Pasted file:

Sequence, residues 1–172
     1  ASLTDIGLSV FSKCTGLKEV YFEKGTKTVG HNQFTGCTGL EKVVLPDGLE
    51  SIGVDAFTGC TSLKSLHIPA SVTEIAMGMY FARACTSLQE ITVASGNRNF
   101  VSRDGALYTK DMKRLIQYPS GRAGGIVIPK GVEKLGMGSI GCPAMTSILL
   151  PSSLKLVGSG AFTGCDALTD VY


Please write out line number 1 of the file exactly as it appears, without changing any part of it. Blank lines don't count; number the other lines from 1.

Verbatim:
Sequence, residues 1–172